The History of Leith

January 2, 2007

Part of the Charter of Confirmation and Precept of Clare- in favour of Wm.Giles Brewer in Leith. Part 2

The reason why this document is important is because it raises question as to why the Elders of South Leith Parish Church were called the “Preceptors of the Preceptory of St Anthon’s” and the Church is not called South Leith Parish but the “Church of St Anthon’s” and the graveyard is not called the graveyard of South Leith Parish Church but the “Churchyard of St Anthon’s”

An idealised view of a monastery. It should be noted that many medieval Hospices developed into substantial monasteries

Originally the first Church buildings on the site was probably a small Templar Hospice built around 1128. However by 1327 with the coming of the knights of St John the area would have developed into an enclosed monastic settlement which included the building of the Preceptory of St Anthony a very large and magnificent Church of length 325 feet from east to west. The normal monastic buildings would have existed such as a brew house, bakery, stables, dormitories etc extending over what is now Henderson Street. There was also a blockhouse as well close by the church sometimes called the “steeple” so it is possible that the Preceptory wasn’t destroyed during the siege but allowed to fall down gradually becoming the quarry for the piers of Leith Docks and other building and so in time it disappeared. The only part surviving being the Lay Hospital which was taken over by the Leith seamen as a hospital due to the fact that St Nicholas in North Leith which was the seamen’s hospice was destroyed by Lord Hertford during the rough wooing in 1544 and explains the date of 1555 at the side of Trinty House. After the Reformation all the property owned by the Preceptory including the enclosed monastic area was transferred to South Leith Church under what was called the Golden Charter in 1614 and the Elders of South Leith Parish were from then called the “Preceptors of St Anthony” the area was then called the “Barony of St Anthony” and did not become a part of Leith until 1833 when Leith became a Parliamentary Burgh. What may not be realised is that the Preceptory of St Anthony was always considered to be outside of Leith.

The building that was to become South Leith Church which was the site of the original Templar Hospice was then taken over by the incorporations of Leith as the Knights had built the Preceptory. However it was still called even after the Reformation as “ The Church of St Anthon’s” the Preceptory itself was for the Nobility judging by the number of Charters by important people to the Preceptory and when Royalty came to Leith they stayed at the Preceptory. So I suspect the original Hospice was called St Mary or “Our Lady Kirk” (It should be noted that St Mary was one of the patron saints of the Templars along with St James) but after 1614 as it had taken over the position of the Preceptory of St Anthony it was then called “The Church of St Anthon’s” and only after 1833 did it revert to being called South Leith Parish Church. This is the only explanation for the fact of South Leith Church being called the “Church of S Anthon’s” in a legal document. It is strange in all the histories of Leith this fact has never been recognised until now. Perhaps it was done not to draw attention to the fact that South Leith Parish Church was not only originally a Roman Catholic Church but its roots lay with the Knights of St John and the Templars and possible Masonic links as the Masons have a dubious position within the Presbyterian tradition. This argument also explains the design of an early seal of the Church showing stars above the Church building and gravestones in from as this is a coded form of Compostella which is in Northern Spain. Compo meaning a Churchyard and Stella meaning star. The seal being a remembrance of the time in Pre Reformation times when Pilgrims went from Leith to go to the Tomb of St James which as already stated was a patron Saint of the Templars. However on a practical level South Leith Church would need to emphasise its rights over the Barony of St Anthony because it was the feudal superior of the land within the Barony of St Anthony and Edinburgh continually challenged this and also for the very obvious reason that Leith itself as we know it today never existed until 1833.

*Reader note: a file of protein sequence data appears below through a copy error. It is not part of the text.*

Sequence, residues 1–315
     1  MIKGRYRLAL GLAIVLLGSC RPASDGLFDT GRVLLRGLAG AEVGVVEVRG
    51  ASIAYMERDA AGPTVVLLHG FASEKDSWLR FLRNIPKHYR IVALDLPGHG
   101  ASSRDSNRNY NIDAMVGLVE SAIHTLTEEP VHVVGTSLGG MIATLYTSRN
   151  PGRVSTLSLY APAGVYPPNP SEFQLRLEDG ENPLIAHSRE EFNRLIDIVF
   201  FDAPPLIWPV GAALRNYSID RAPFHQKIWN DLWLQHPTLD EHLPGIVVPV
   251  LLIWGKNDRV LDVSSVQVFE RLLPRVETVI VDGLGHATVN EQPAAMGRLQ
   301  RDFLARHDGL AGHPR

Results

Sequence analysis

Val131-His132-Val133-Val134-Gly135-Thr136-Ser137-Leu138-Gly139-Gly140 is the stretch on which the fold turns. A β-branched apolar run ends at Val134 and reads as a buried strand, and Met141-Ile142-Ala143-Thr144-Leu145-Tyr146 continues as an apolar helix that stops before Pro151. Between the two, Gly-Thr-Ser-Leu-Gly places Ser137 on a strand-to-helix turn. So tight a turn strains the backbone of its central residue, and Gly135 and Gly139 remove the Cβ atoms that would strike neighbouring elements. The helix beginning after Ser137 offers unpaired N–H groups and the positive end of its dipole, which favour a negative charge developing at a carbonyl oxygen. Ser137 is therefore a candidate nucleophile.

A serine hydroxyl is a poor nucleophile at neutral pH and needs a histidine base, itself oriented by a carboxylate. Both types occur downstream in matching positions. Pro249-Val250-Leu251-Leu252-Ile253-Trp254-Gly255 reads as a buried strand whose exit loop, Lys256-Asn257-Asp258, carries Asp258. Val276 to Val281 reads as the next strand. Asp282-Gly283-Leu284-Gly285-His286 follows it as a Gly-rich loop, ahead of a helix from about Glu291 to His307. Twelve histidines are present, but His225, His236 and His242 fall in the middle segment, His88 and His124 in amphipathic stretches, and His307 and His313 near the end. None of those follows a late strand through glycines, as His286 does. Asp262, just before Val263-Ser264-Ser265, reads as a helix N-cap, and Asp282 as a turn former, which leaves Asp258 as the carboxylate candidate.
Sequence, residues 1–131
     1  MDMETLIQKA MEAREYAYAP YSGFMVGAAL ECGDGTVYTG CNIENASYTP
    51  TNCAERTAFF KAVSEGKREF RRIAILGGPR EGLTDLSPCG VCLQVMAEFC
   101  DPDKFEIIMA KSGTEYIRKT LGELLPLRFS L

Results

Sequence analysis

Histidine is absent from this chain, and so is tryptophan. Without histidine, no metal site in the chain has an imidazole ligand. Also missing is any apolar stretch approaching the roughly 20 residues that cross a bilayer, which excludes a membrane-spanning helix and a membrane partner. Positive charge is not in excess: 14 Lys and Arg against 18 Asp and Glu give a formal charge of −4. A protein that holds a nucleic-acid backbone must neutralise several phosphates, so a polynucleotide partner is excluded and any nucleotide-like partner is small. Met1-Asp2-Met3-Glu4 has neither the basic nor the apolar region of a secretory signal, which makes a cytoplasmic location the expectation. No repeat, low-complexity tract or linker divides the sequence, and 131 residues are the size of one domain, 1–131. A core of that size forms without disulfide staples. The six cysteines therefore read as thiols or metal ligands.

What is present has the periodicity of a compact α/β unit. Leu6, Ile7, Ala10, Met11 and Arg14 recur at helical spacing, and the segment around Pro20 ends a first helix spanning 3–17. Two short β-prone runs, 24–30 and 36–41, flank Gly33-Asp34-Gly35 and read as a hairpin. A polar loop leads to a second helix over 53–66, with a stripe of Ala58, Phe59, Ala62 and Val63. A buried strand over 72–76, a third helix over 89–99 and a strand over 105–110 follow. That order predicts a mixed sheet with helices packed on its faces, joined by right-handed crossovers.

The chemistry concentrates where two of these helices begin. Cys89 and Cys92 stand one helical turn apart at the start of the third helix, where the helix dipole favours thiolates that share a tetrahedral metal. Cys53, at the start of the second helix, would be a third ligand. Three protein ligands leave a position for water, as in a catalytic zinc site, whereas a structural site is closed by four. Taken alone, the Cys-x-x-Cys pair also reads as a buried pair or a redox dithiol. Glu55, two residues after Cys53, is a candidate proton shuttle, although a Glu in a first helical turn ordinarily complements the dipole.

I will return to this again.

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